The mountain is still shrouded in cloud.
, which in its commercials refers to itself as a mountain, reported second-quarter results Wednesday that failed to clear up big doubts surrounding the institution's growth strategy.
Charlotte, N.C.-based First Union, the nation's sixth biggest bank, is out of favor with investors for making expensive acquisitions over the past 18 months that have taken longer than expected to benefit revenue and earnings. In May, it made a hefty downward revision in its earnings forecast. And now, analysts and investors say there was little in second-quarter numbers to suggest that a swift turnaround is imminent.
First Union posted operating profits of $873 million, or 90 cents a share, in the second quarter, compared with $883 million, or 92 cents a share, in the year-ago quarter. (Analysts were concentrating on operating profits instead of net income, which includes merger charges, because this year's second quarter contained no merger charges, while the year-earlier period was weighed down by $634 million of merger-related costs.)
And excluding a one-time gain from the sale of assets from its factoring business, the bank earned 82 cents a share, beating the
consensus forecast of 81 cents a share.
In the second quarter, the bank could have won back some credibility had it shown reasonable, across-the-board revenue growth and higher-than-expected cost savings. It didn't.
"This was an unimpressive quarter," says Adam Levy, financial services analyst for a number of
funds, none of which hold First Union. "These guys have got a long way to go."
Revenue -- defined as net interest income plus fees and other income -- was only up 3.4%, or $113 million, in the second quarter of this year, excluding the $72 million after-tax gain on the sale of the factoring assets, compared with the year-ago period.
Meanwhile, noninterest expenses (excluding merger costs but including amortization of goodwill) jumped 10.6% in the second quarter from a year earlier.
Mergers are supposed to help reduce costs, chiefly because areas of overlap can be eliminated. "You'd expect to see some fairly dramatic reductions in costs, but this has yet to happen," says Scott Edgar, manager of the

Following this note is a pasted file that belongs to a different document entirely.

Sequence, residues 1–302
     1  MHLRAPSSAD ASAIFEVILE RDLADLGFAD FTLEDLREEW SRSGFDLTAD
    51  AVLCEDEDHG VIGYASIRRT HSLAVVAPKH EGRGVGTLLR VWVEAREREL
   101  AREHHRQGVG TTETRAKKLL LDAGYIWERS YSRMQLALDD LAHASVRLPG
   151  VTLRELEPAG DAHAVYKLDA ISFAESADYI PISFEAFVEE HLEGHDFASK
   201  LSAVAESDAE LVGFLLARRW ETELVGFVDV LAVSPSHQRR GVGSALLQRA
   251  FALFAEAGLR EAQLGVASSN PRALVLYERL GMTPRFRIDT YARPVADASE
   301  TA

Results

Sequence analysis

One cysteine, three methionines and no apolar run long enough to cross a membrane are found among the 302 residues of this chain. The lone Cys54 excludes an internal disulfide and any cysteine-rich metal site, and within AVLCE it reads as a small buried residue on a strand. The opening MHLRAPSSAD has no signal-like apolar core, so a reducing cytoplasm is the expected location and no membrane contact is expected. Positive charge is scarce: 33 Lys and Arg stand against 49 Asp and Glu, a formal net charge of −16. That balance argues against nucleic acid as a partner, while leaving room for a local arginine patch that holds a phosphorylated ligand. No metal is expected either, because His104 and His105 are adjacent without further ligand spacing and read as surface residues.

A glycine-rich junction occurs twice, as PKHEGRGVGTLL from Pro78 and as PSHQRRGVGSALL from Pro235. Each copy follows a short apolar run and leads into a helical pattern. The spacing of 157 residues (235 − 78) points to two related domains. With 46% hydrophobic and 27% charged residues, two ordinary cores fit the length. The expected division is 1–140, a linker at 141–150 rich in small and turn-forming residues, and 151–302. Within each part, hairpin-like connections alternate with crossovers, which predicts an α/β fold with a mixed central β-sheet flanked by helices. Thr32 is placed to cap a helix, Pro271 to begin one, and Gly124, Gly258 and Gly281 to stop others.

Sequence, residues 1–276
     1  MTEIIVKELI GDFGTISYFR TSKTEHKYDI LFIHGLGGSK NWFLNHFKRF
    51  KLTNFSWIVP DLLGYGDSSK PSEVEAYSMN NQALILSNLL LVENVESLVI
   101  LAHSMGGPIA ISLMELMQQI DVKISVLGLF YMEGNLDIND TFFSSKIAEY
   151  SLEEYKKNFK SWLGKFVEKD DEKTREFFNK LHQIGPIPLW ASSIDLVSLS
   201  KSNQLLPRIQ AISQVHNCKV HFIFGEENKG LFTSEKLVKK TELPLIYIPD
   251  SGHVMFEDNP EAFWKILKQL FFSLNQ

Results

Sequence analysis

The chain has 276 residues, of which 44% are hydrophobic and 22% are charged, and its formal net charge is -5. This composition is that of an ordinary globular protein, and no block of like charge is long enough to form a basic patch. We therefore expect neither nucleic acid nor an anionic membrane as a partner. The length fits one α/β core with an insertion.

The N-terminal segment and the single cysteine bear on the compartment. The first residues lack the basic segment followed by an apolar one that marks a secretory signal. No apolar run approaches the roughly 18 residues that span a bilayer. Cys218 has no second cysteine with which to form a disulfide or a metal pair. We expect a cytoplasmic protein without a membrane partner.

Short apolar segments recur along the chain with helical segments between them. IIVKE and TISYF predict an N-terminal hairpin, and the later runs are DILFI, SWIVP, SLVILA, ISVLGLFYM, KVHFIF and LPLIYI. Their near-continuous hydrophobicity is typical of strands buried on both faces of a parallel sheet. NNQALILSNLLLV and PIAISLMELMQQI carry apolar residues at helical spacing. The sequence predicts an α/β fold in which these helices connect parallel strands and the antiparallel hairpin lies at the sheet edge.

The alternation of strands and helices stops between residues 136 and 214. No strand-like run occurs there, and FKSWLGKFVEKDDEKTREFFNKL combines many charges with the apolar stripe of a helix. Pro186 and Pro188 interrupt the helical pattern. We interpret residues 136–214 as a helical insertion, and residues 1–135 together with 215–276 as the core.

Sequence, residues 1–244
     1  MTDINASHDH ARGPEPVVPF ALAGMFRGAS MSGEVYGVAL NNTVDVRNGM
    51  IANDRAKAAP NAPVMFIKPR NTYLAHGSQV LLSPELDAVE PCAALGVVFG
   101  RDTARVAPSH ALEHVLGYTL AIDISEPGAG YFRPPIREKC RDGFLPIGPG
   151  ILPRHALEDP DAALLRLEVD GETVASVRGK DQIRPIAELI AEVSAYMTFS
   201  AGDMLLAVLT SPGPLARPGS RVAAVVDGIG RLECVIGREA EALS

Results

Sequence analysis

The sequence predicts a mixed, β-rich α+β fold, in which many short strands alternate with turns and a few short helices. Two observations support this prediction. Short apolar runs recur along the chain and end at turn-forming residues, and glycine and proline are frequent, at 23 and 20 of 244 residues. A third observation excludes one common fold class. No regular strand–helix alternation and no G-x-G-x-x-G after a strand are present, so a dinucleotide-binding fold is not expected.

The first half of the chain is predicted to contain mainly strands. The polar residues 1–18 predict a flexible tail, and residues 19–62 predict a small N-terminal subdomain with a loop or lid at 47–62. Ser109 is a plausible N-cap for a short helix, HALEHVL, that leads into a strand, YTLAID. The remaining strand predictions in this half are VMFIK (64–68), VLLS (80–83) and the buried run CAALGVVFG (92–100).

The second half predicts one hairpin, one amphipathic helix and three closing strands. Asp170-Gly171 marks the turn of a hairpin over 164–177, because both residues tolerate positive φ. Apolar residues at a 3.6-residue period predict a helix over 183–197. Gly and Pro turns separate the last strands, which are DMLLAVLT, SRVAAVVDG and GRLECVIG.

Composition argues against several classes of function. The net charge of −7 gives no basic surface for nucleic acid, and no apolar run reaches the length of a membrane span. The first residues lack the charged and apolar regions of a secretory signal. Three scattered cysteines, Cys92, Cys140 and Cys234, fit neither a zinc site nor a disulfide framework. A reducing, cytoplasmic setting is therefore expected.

SIFE Trust Fund, which holds First Union shares.
First Union, however, did have a couple of bright spots to point to in the second quarter. Revenue in its capital management segment leapt $72 million, or 16.1%, to $520 million, compared with the year-earlier period. This was attributable to strong performances by First Union's retail brokerage and CAP accounts, which provide customers with a range of financial services.
And Bob Atwood, First Union's chief financial officer, said in a conference call that fee income was up nearly 90% in its
unit, which was acquired last year and identified by the bank in May as a source of sluggish revenue growth.
But fee income from the capital markets segment dropped 29.9% to $260 million in the second quarter, against $371 million in the first quarter. The decline was mainly due to the fact that the bank didn't repeat the large venture capital gains of the first quarter.
In addition, second-quarter fee income was given an extra boost by $149 million of securitization revenue, which is significantly higher than the $18 million gained from securitization in the year-earlier period.
Also, to some, First Union's second-quarter numbers were blurry. In a conference call Wednesday, the bank apparently failed to give probing analysts the information they were after. In particular, a number of analysts wanted to know the contribution made to revenue and expenses by recent acquisitions like CoreStates and the
, acquired last year as well. Atwood only said that the Money Store contributed $200 million to second-quarter revenue.
Atwood also announced some revenue growth and expense reduction targets that some analysts and investors later said were overly ambitious, based on the second-quarter performance.
Atwood said that the capital markets division could grow revenue at around 20%, capital management at 17% to 19%, while consumer and commercial would likely achieve 5% and 10% growth, respectively. He added that costs at capital markets could rise by 15%, and at capital management by 12%, while the consumer division would see a reduction in costs.
A First Union official later said that Atwood was referring to a period that encompassed the next six quarters.
Now that Atwood has announced these new growth targets "everything has to go perfectly," says Peter Kuper, banking analyst at
Keefe Bruyette & Woods
, which has no underwriting relationship with First Union. "If they don't kick in, First Union's in trouble again."